Perhaps our favorite passage in all of American literature can be found on the last page of The Great Gatsby. No, not that celebrated last line about boats fighting the current. Rather it’s the snippet located a few paragraphs before the end, in which Nick Carraway waxes rhapsodic about Dutch explorers:
And as the moon rose higher the inessential houses began to melt away until gradually I became aware of the old island here that flowered once for Dutch sailors’ eyes—a fresh, green breast of the new world. Its vanished trees, the trees that had made way for Gatsby’s house, had once pandered in whispers to the last and greatest of all human dreams; for a transitory enchanted moment man must have held his breath in the presence of this continent, compelled into an aesthetic contemplation he neither understood nor desired, face to face for the last time in history with something commensurate to his capacity for wonder.
Like Carraway, Microkhan also envies those humans fortunate enough to have made First Contact with peoples and lands who exceeded their wildest imaginings. One of the tragedies of our age is that no Earthly journey can ever reveal something truly alien. Even if Microkhan someday makes it to his beloved Mongolia, for example, the experience won’t be totally full of wonder—National Geographic has made sure of that. No matter where we roam, we have some inkling of what to expect—we know what the people will look like, we are familiar with their technologies and customs. But that was not the case for true explorers in eras past, when sallying forth invariably meant risking one’s life, and destinations were always a surprise.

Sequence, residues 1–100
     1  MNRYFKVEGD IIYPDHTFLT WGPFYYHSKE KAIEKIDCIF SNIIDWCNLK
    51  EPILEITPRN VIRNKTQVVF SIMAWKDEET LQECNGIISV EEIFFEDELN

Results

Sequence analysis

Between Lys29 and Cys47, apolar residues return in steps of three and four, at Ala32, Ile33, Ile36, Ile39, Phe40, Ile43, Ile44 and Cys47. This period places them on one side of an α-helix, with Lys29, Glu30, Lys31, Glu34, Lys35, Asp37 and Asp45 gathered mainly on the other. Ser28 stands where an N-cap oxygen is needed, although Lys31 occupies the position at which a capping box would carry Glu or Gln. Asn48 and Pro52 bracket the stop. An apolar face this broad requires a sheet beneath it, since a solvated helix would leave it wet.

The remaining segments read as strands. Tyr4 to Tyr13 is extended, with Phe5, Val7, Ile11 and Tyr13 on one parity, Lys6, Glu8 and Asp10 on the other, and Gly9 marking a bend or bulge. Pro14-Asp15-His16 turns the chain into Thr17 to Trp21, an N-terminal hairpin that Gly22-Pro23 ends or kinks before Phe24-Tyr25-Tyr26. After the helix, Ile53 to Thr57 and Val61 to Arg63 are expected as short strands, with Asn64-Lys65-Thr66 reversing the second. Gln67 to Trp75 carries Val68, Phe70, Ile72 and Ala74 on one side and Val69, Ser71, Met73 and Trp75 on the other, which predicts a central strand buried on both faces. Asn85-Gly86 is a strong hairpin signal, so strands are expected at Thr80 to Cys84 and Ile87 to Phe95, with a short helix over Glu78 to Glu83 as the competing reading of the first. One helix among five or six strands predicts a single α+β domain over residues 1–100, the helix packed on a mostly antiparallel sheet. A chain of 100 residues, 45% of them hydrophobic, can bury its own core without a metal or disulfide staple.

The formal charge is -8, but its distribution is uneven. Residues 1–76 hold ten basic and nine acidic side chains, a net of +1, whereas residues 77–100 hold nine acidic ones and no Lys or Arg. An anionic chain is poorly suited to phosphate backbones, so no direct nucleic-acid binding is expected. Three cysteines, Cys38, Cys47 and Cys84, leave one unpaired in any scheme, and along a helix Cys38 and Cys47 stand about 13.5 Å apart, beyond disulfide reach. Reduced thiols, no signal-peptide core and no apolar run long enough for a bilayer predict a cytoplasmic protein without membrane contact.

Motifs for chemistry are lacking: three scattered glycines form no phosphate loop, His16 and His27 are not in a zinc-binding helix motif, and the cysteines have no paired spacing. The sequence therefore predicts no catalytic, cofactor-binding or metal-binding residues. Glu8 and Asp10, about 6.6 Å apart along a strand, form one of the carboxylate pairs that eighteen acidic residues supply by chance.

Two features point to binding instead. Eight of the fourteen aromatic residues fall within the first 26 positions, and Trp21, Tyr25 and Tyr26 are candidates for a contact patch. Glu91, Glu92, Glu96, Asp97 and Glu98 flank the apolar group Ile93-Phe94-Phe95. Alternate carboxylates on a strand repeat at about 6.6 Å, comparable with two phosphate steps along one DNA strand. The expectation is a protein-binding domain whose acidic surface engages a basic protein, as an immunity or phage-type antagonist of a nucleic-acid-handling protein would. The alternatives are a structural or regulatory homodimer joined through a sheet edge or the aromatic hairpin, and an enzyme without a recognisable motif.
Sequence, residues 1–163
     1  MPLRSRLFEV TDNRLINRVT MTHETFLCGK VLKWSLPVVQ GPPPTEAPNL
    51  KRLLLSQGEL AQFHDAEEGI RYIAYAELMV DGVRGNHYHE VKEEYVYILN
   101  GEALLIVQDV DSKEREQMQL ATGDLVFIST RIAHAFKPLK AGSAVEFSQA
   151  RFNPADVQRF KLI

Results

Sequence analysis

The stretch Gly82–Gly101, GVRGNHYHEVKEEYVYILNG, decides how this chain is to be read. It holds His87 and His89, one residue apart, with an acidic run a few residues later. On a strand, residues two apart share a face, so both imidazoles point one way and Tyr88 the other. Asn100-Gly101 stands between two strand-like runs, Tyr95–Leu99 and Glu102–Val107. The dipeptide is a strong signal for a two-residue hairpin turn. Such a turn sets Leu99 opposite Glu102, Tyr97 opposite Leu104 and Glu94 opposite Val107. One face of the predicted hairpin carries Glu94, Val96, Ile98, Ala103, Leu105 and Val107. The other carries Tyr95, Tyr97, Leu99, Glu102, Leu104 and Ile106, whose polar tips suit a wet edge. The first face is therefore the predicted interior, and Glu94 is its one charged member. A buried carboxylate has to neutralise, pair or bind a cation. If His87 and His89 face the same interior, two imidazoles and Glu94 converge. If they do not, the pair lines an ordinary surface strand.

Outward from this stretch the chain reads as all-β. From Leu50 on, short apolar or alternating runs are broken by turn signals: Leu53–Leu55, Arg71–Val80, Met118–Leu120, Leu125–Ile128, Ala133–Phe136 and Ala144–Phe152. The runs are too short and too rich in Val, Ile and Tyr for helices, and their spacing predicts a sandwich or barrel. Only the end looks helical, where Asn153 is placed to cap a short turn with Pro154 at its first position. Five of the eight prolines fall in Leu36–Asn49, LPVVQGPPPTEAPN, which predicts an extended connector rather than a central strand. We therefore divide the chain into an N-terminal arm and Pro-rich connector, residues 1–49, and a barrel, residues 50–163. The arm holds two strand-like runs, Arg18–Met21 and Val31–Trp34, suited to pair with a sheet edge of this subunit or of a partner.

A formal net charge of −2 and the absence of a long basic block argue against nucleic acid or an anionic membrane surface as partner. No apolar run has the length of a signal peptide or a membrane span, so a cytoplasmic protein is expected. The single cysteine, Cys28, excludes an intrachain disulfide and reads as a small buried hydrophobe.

In the spirit of Carraway’s lament, then, Microkhan would proudly like to announce the launch of a new, semi-regular series on this blog: First Contact, a chronicle of (mostly) primary-source accounts of accidental culture clashes. We hinted at this series last week, when we shouted out the work of John Webber. That’s his work at the top of this post, too—an antique illustration from his series on Alaskan natives. And it’s what gave us the inspiration to start First Contact in the Land of the Midnight Sun, among the Dena’ina people.
Dena’ina oral tradition preserved the account of Captain James Cook’s arrival in Prince William Sound in 1778. A former chief named Simeon Chickalusion recorded the tale:
[The ship] was like a giant bird with great white wings…All the Tyonek men were very frightened and ran and hid in the woods, except one brave man. He paddled out in his baidarka to see what it was. The strange people on the boat traded him some clothes for what he was wearing. When the courageous native returned to the shore he was a hero to his people, and the costume he brought back with him [the uniform of an English sailor] was faithfully copied down through the years, to wear in ceremonial dances.
Microkhan must wonder what the English sailor did with his Dena’ina garments.
Have any leads on great First Contact tales? Please let us know. We’re gonna try and run a First Contact installment at least once a week for the foreseeable future.
(Image via Grace Galleries)